Cross selling and upselling are two of the easiest ways to make more money at your bar or restaurant. But first, you have to understand what these terms mean. Cross selling happens when you recommend a related or complementary item to your customers. For example, if you call your local pizza place to order a pepperoni pizza, the employee on the phone might suggest you purchase some garlic bread to go with it. Upselling, on the other hand, occurs when you offer customers a “premium” version of the product. This happens when bartenders suggest a nicer (and more expensive!) alcohol to customers who order drinks.
It’s easy to see that cross and upselling can really help you increase sales, but how can you use these techniques in your bar or restaurant? Read on to learn cross and up selling tactics that work.
1. Train your servers. Make sure your servers and bartenders know how important upselling and cross selling are. Brief them on common menu items that might be paired together for cross selling, and give them examples for when upselling might be appropriate.
2. Be specific. Just saying, “Would you like a salad with that?” isn’t going to work. Instead, servers could say something like, “Our cranberry and pecan salad would go great with your entrée.”
3. Be enthusiastic. Customers can’t help but respond to excitement. If your servers seem like they genuinely enjoy your food and drinks, patrons will be more likely to take their suggestions.
4. Don’t be pushy. Your customers are trying to enjoy themselves at your bar or restaurant…they don’t want to feel like they’re at a car dealership. Although suggestions are welcome, make sure your servers know when to back off.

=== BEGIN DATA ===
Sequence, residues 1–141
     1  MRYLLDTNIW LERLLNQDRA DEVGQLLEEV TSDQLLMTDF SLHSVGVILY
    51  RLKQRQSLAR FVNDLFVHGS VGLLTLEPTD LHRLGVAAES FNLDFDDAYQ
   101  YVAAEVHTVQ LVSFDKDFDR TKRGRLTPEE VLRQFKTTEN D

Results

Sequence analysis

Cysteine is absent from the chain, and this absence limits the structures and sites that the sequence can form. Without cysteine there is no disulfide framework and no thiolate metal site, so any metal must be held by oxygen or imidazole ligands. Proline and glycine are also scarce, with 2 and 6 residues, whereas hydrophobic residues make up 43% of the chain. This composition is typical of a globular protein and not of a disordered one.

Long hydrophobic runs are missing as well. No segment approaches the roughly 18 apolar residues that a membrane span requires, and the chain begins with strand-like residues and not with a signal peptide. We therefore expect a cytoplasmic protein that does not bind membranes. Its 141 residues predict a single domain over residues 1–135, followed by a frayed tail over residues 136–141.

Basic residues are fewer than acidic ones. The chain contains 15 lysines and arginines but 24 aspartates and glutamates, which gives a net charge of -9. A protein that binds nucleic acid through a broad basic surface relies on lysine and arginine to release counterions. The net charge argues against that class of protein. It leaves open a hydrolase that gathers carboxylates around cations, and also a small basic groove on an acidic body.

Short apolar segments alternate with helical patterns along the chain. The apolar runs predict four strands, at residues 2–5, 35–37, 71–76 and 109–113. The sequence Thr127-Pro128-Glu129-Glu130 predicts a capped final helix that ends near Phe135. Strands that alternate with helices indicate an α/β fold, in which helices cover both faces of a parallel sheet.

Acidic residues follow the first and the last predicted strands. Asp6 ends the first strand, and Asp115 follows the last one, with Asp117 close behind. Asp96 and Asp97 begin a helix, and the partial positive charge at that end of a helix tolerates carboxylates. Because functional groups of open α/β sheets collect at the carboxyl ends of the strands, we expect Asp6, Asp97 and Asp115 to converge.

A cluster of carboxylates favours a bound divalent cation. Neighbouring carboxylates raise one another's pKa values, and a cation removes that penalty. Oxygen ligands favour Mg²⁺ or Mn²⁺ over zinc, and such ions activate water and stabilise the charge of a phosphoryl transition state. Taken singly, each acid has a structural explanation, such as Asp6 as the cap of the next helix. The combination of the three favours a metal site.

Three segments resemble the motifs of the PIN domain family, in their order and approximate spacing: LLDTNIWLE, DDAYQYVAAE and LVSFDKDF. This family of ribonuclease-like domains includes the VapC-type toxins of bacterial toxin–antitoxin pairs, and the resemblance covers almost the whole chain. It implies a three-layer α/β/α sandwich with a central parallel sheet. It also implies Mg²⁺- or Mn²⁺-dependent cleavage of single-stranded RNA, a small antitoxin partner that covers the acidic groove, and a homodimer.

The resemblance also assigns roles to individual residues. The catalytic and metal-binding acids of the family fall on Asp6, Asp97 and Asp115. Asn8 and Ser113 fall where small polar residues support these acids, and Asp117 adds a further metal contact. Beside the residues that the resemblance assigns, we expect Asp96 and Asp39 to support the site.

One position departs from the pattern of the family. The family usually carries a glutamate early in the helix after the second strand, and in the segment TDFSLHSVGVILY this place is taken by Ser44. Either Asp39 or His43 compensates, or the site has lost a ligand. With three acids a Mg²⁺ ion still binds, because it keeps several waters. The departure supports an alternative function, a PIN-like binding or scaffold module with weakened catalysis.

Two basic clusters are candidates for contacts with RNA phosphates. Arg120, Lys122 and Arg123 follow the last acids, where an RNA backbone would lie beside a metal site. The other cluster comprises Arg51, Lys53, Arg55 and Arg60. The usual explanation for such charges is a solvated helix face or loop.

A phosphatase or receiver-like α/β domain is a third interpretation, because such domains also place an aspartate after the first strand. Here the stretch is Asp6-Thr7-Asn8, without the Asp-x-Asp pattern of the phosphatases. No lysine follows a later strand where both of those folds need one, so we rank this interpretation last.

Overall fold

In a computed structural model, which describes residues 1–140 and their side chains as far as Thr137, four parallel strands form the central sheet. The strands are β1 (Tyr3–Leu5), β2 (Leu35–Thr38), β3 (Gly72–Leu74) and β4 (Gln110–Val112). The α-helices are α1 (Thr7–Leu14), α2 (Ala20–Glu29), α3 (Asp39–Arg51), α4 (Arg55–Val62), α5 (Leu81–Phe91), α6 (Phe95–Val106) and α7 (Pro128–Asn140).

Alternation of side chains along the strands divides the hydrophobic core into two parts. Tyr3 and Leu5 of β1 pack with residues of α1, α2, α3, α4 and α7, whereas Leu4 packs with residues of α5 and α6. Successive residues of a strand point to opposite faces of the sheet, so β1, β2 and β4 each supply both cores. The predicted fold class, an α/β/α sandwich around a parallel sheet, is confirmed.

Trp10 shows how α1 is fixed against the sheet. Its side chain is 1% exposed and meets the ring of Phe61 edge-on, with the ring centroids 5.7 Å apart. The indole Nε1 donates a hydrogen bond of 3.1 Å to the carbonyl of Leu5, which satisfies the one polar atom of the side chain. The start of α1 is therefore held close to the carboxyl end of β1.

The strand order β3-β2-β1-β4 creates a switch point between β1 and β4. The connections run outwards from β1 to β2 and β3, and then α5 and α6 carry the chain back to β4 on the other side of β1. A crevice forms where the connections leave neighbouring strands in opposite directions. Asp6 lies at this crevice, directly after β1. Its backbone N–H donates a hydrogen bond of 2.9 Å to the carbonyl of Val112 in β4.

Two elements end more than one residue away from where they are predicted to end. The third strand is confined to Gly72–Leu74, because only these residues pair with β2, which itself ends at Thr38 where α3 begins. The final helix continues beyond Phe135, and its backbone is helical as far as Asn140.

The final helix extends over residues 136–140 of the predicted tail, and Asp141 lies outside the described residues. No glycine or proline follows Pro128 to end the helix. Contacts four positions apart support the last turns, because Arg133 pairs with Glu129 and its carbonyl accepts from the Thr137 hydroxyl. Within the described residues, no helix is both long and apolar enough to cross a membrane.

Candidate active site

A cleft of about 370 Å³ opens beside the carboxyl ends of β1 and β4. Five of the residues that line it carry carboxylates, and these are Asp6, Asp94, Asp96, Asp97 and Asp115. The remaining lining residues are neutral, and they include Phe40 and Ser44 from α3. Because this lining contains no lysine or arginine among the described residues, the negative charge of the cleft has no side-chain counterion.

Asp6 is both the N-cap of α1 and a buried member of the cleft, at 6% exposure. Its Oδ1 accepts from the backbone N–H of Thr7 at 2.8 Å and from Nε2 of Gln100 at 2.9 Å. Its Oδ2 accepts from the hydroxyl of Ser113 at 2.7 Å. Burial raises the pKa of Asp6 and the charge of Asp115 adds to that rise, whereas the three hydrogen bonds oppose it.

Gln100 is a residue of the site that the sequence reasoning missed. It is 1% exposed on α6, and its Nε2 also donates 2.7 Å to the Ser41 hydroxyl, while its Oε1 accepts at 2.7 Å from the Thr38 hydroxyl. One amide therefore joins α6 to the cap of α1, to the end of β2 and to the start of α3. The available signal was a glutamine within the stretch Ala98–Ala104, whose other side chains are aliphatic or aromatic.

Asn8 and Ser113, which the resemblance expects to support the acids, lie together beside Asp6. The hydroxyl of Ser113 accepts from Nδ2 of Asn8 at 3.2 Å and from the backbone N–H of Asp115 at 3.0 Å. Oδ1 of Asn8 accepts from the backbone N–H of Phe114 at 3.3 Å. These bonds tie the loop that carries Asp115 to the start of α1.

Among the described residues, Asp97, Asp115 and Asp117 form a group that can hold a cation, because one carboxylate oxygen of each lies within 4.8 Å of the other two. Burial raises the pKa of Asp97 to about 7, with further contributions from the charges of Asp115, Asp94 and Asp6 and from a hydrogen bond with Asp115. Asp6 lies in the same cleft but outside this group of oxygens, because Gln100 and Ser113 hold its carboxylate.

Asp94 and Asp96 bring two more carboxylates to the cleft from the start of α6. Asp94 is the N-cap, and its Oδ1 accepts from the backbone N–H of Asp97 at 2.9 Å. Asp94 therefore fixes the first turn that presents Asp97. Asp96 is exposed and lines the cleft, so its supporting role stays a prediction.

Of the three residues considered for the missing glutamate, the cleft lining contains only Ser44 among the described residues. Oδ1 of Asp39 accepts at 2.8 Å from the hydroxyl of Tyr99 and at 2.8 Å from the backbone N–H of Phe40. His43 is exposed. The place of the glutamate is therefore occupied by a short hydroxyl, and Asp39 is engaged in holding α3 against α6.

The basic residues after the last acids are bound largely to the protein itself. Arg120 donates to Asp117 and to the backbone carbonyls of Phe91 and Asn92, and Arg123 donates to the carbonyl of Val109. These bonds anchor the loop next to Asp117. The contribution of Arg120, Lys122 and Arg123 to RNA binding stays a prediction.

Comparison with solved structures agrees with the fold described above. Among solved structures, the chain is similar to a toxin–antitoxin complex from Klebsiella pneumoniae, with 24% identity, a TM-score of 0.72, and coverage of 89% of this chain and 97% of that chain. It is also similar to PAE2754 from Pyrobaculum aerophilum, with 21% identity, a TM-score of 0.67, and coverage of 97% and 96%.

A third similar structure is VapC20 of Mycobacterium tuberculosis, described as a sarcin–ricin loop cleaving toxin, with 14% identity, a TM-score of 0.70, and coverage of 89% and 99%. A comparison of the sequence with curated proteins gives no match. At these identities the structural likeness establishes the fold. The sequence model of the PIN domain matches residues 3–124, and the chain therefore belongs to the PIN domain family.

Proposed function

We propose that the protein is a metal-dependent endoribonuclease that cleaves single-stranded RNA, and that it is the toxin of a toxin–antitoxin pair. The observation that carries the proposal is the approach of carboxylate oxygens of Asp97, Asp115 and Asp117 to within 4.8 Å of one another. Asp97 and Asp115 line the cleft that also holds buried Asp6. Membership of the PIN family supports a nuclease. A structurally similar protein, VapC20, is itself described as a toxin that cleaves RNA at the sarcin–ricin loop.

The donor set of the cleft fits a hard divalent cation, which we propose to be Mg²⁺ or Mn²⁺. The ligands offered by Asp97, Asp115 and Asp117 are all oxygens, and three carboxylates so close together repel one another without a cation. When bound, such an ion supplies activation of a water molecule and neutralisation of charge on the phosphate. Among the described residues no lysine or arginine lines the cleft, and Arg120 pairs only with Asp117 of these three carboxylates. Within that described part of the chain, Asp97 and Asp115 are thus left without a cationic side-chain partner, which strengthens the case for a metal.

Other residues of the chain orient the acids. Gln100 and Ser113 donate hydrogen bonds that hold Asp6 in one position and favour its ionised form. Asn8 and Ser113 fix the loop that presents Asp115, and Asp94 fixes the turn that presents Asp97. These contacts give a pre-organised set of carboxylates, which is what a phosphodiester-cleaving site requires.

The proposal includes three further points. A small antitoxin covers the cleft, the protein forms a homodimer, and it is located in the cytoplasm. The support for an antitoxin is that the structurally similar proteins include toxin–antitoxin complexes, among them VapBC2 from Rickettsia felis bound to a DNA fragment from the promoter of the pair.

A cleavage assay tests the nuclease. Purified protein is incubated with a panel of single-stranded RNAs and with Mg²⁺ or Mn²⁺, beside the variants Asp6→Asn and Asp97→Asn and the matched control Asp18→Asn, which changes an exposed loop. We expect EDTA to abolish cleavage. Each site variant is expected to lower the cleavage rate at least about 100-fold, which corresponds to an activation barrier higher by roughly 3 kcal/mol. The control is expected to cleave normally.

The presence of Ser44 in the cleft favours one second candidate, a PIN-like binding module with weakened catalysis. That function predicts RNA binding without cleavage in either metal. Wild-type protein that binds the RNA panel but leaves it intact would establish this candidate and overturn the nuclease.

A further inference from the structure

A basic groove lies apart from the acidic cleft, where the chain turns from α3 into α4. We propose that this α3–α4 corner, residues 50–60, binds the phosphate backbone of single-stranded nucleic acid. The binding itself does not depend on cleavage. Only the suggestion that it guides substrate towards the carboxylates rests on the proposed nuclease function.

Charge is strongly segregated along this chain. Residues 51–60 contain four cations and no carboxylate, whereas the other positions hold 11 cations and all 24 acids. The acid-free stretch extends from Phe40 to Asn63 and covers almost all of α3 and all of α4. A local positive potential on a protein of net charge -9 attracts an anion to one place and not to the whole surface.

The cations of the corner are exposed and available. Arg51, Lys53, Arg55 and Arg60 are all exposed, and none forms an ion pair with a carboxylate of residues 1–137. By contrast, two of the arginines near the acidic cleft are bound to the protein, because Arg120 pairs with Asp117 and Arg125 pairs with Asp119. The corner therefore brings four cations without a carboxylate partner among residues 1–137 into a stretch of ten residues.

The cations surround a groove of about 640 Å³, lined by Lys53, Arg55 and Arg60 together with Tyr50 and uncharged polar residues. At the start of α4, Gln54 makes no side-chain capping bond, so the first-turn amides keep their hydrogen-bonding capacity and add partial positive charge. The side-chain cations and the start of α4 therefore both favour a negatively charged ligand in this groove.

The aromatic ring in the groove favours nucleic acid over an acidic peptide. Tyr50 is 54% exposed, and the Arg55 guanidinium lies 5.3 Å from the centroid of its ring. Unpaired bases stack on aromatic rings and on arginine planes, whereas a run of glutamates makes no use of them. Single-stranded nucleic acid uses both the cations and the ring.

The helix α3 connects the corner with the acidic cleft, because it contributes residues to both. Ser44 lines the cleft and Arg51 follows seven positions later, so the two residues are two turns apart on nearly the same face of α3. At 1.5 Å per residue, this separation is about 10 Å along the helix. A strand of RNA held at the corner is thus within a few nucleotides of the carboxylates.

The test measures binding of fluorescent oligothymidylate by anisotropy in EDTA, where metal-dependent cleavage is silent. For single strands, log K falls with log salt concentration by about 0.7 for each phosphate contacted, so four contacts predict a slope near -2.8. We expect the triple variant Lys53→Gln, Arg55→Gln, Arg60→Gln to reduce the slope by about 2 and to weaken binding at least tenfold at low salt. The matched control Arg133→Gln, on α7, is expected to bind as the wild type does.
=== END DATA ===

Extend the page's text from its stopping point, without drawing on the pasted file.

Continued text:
5. Focus on uncertain customers. If customers look especially unsure about the menu, the server can target them as someone who will be particularly susceptible to cross and upselling.
6. Make recommendations. The best opportunities occur when customers ask for suggestions. If they don’t know what to order, your servers can upsell by suggesting your more expensive menu items.
7. Try nodding. It may seem silly, but customers are more likely to agree to an upsell if their server nods while saying it. For example, if a server says, “Would you like the 12 oz. steak?” while nodding, that may convince customers who were planning to order the 8 oz. steak.
8. Focus on the most profitable items. If a customer asks how the tilapia is, a server might suggest a more expensive fish by saying, “It’s very good, but my personal favorite is the salmon.”
9. Don’t forget about takeout. Customers might be too busy to order dessert, but you can still convince them that it’s a good idea if you box it up for them to take home.
10. Be helpful. Cross and upselling won’t be effective if you’re only thinking about your bottom line…you also have to keep the customer in mind! Servers should only recommend things that they think the customers will truly enjoy.
By keeping these tactics in mind, you can use cross selling and up selling to make your bar or restaurant more profitable!
Article provided by Buzztime.
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